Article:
Even while living in bustling Somerville, Meg remains a country girl.  “I still manage to get out in the woods when I’m not touring, just about every day with the dog, and even to a point where I don’t hear the traffic.  I get lost in the woods,” she says.

Meg Hutchinson w/ Chris Pureka
Friday, December 5, 7:30 PM
Boccelli’s on the Canal, Bellows Falls
Tickets $12/advance, $14/door

Jenee Halstead – Old Time, Internet Time

In a cavernous living room lit with the glow of 24 candles, Jenee Halstead and her band start to play. There are no wires, spotlights or microphones, simply a half circle of four musicians standing in a corner. The scene brings to mind a Depression-era campfire, not a suburban house concert a few miles south of Boston, with well-to-do guests nibbling catered barbeque and sipping wine from long-stemmed glasses.

The near-absence of light makes such a mental leap more possible. The group’s strumming forms are mere shadows; the hazy darkness punctuated by fiddle salvos, deft guitar and mandolin runs, and Halstead’s quivering, sweetly crooning voice.

Though the music is deep and distant, the story behind its creation is as modern as an iPhone. Using MySpace, Facebook and other technology tools of the independent music trade, talents were verified, reputations vetted and friendships cemented days, even weeks before anyone met face to face to play songs that would make Woody Guthrie smile in approval.

Or even George Clinton, as Halstead’s rapidly assembled network of bluegrass purists, an old school producer, his song doctor wife and some electronica-affected friends combined to make “The River Grace,” a pitch perfect blend of traditional picking and modern tweaking.

Old time, meet Internet time.

“It happened really quickly,” Halstead says. Soon after arriving in Boston in mid-2006, she created a MySpace page. “I had some recordings I’d done right before I left Seattle. Within literally 2 or 3 days, I got a comment from Matt Smith at Club Passim.”

Smith, who manages the venerable Cambridge folk institution, which just celebrated its 50th anniversary, told Halstead he liked her stuff and to keep in touch. He also mentioned her to some of his friends.

Meanwhile, Jenee placed an ad on the Craig’s List web site, with an eye towards putting together a band in the spirit of Crooked Still. “I always wanted to do bluegrass, but didn’t think I could because I wasn’t schooled in it.” Of her reservations about seeking out seasoned pickers, she says, “it was like walking on sacred ground.”

Guitarist Andy Cambria answered the ad. “I heard her stuff and knew right away that she could be in front of a band,” he says.

Five weeks and a flurry of e-mails later, they were playing together.

Halstead divided her time between building a name in Boston and recording an album in Pennsylvania. The solo acoustic project collapsed in a cloud of romantic confusion with the record’s producer. “Trying to decide if we were going to be a couple … got too difficult,” she says. “It was disheartening to lose all that work, all those hours.”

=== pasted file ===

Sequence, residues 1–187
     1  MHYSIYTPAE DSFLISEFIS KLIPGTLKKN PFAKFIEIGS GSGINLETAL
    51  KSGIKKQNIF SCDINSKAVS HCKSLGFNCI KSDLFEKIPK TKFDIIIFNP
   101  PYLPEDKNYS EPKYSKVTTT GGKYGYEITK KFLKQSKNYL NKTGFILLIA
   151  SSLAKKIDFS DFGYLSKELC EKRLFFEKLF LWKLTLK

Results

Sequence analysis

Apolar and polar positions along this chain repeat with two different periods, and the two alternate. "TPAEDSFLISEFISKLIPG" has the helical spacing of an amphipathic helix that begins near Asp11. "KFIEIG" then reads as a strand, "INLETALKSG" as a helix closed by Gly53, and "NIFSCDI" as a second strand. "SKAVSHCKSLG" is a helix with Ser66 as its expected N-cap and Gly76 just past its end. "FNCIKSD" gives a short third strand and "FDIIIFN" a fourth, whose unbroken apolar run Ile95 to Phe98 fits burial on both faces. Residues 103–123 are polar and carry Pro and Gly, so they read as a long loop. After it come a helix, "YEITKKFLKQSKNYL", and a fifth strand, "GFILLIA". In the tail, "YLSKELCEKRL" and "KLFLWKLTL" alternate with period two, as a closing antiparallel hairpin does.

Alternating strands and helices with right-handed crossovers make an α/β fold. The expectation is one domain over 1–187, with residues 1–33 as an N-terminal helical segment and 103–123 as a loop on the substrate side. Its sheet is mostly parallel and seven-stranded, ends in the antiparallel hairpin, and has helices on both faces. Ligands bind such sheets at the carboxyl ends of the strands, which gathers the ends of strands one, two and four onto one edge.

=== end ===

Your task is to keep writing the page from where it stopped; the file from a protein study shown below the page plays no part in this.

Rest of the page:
“Out of the blue, I got an email from Evan Brubaker, saying Matt Smith told me to check you out.” Though she had long lived in the same city as the producer, Smith’s e-mail was their first introduction.

“I’m totally horrified that you lived in Seattle for nine years and I never knew about you,” wrote Brubaker to Halstead.

“I was instantly drawn to her mixture of old time and poetry,” says Brubaker. “I let her know that if she ever needed to do some recording, I would be honored.”

Halstead’s songs are at once beautiful and tinged with night-sweat inducing dread – Appalachian gothic tales of fear, suffering and salvation. Things aren’t simple, meanings are never quite clear.

Though she describes herself as “non-religious but spiritual,” themes of heaven and hell abound. Death is a constant companion.

If Flannery O’Connor were raised in Spokane, Washington, listening to her father’s Led Zeppelin albums, she might have sounded like this.

On the title track from “The River Grace,” a woman struggles to live in a time of war. When, at the song’s bridge, she implores, “embrace the undertow/take me home,” it’s not certain whether she’s praying to be carried across the waves or beneath them.

A crime spree at the heart of “Darkest Day” echoes Robert Earl Keen’s “Road Goes on Forever,” but the tragedy at song’s end is more palpable, the heroine’s devastation permanent.

Then there’s “Dusty Rose,” a song that seems lifted from Loretta Lynn’s Jack White sessions. It’s either a murder ballad or the final sad chapter of “Stand By Your Man” – the singer won’t tell.

Halstead – her first name rhymes with Renee – says her songs are “stories of people’s lives that came to me subconsciously.” Whether the narrator of “Dusty Rose” is a killer or a grieving widow is something she emphatically doesn’t know.

“These are not my stories,” she says. “There’s some woman out there who owns that song. I don’t know who she is.”

“It’s a healing thing to let them go,” she continues, and let others decide their meaning.

That’s a sentiment she shares with another songwriter, Patty Griffin, who once likened her songs to children set free in the world.

The first Velvet Underground record didn’t sell a lot of copies, but (so the legend goes) everyone who bought one started a band. The same is probably true of Patty Griffin. Not a lot of people heard “Living With Ghosts” when it came out, but many young women – including Jenee Halstead – did, and were inspired to buy a guitar and a notepad.